A Tale of Two Chairs: Adventures in ‘Upcycling’

Fuelled by a heady combination of Pinterest and ‘Fill Your House For Free‘, I’ve taken to upcycling in rather a manic way. Why upcycling? Isn’t it just a fashionable pursuit for the privileged with too much time on their hands? Well, maybe. Though being a full time carer of a small child, I’d dispute having too much time on my hands…

But I also rather believe in conscious consumption. As someone with a ‘green’ ethos, I worry about our disposable society and what kind of environment our baby son will inherit. And well, I just like old things, I love things with quirk and charm and character. I love things that are unique and if I can achieve some of those things through a good old bit of re-loving, then that’s just fine with me.

school chairs Made in Britain

The chairs came from a playgroup, via a reclamation yard in sunny Margate for a whole Four British Pounds (tip: avoid the ridiculously overpriced ‘vintage’ shops in the Old Town and head up the hill past the Shell Grotto to the real thing).

Covered in rust and grime, but proudly Made in Britain, I bequeathed them a stay of execution from the scrap heap and after lugging them home on the train (that lovely parquet floor above is in Ramsgate station), set about transforming them for our little boy.

Chair makeover in progress Chair makeover in progress

It took me HOURS to sand all the flaking plastic paint and rust off the metal legs. It took me ages to scrub the plastic clean with sugar soap, so they could be primed and painted. But, after a lot of hard work, a couple of emergency trips to Wilkos for more cans of paint and a lot of cursing, they were transformed in to my primary coloured dream.

Yellow upcycled school chairs Play area

Can I be honest with you? Was it worth it? In principle, I still believe – yes. These perfectly useable chairs have been saved from landfill and given a new lease of life and I love the colour of them. But, to get this finish on them took two cans of Plasticote paint (not including a coat of primer and lacquer) and two cans of spray Hammerite on the legs. That’s not only a huge amount of money to spend on £4 chairs, that’s an awful lot of VOCs released in to the atmosphere! After all the materials needed to save them from landfill, do they really have better environmental value than new chairs? What is the real environmental impact of the upcycling trend?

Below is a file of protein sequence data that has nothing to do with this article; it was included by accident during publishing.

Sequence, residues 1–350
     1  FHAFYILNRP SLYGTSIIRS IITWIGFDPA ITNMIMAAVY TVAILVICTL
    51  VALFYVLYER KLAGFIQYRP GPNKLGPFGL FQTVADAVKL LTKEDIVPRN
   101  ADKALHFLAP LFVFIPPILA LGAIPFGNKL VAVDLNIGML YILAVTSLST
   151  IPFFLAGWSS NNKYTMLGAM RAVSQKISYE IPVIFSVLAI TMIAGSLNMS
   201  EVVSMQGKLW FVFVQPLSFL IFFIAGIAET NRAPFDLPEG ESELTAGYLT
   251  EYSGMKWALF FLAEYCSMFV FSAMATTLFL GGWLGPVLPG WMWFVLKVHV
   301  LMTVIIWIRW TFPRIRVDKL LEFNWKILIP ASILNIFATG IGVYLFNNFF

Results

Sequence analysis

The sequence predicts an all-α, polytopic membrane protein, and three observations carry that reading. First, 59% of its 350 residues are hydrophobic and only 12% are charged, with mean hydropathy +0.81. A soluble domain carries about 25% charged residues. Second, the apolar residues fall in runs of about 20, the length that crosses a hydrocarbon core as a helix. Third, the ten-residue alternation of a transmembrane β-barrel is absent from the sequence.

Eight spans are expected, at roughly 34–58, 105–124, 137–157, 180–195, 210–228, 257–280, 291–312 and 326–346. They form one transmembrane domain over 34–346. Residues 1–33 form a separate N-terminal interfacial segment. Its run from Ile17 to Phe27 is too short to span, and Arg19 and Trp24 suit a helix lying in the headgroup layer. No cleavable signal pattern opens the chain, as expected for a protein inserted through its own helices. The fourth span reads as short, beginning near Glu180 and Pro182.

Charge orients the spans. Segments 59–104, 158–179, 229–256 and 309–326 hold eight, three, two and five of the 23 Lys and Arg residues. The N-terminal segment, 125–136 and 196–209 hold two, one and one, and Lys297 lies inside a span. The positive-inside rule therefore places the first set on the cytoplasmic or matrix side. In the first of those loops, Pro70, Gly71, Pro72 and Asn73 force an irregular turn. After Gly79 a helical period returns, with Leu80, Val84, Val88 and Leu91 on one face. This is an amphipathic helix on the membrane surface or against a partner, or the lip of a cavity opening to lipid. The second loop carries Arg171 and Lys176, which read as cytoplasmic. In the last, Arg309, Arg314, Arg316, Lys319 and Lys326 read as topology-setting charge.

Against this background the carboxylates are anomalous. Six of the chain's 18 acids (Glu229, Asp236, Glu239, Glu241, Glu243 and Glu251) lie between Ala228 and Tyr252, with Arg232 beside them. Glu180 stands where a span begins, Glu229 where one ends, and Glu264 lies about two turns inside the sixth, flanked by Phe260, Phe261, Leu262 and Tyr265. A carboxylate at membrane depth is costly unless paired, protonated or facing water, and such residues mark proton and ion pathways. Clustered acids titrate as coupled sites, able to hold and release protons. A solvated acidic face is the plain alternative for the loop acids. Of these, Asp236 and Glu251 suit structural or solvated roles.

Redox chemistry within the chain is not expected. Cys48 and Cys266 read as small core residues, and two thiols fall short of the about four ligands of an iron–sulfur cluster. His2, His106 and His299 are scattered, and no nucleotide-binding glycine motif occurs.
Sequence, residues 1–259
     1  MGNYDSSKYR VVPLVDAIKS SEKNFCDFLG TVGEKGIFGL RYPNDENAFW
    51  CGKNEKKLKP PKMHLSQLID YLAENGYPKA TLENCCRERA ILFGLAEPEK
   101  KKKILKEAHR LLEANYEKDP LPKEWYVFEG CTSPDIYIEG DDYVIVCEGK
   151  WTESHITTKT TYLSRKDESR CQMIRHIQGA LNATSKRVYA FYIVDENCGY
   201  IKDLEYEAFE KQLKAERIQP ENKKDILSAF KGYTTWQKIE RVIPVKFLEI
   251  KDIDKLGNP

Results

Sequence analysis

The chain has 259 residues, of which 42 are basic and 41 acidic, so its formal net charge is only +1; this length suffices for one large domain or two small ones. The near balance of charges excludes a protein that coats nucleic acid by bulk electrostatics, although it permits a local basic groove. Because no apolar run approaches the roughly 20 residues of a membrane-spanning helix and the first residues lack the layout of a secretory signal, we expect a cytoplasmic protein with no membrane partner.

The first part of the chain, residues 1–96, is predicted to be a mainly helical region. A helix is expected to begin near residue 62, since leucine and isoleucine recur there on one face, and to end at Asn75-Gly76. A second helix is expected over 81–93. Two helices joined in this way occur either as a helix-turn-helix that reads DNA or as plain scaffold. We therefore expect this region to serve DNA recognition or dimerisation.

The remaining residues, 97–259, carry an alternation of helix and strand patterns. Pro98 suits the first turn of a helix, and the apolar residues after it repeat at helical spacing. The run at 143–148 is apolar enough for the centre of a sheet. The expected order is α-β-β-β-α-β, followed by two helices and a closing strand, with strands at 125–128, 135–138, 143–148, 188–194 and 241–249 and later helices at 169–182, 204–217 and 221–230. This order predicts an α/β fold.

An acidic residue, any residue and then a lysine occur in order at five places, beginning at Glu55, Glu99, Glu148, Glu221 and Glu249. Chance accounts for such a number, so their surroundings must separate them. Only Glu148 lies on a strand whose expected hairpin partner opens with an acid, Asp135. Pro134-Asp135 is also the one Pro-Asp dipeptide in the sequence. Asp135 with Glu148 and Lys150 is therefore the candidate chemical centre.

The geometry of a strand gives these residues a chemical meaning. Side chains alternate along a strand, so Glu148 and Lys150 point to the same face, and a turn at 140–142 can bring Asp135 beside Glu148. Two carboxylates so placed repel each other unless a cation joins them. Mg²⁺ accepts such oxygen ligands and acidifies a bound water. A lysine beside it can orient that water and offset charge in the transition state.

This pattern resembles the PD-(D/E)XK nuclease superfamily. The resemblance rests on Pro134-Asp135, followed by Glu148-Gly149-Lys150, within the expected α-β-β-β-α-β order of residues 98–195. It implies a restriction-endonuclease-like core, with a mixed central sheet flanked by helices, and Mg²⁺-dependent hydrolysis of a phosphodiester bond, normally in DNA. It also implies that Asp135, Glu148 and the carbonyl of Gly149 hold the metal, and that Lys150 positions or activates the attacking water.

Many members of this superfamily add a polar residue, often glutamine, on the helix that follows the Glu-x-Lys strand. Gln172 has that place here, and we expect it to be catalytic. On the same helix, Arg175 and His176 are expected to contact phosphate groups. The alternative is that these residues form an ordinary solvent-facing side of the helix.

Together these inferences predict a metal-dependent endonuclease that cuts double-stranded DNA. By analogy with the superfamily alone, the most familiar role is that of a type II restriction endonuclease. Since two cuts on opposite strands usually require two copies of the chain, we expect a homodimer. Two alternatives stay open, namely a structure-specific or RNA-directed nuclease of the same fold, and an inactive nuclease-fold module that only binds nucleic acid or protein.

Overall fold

The environmental cost may have been down to my own inexperience. Even though I have repainted furniture many times before with a brush, I found the spray paint very hard to handle. I wasted loads of it spraying the thin chair legs. It didn’t dry in the time stated on the the can, the paint is uneven from where they were knocked over on to the grass by rampaging cats (that never happens to Kirstie Allsop…) and one chair has an amazing imprint of my finger prints for prosperity from where I had to pick it up, wet. Which is useful as a crime deterrent as there is absolutely no mistaking they are mine, but it wasn’t exactly the ‘Pinterest’ perfect polished finish I was hoping for. So despite, having green motives, I still wanted them to look shop bought. Is that conscious consumption? More food for thought…

However, despite the resulting costs and imperfections, we really do love them. And paired with a table from IKEA (I had planned to upcycle a table but this one was just too perfect. IKEA appear to have quite strong environmental credentials. And it cost a lot less than all that spray paint…), we think they make the perfect pieces for our little boy’s play area. And to him, that’s really all that matters.

This post originally appeared on my personal craft blog.

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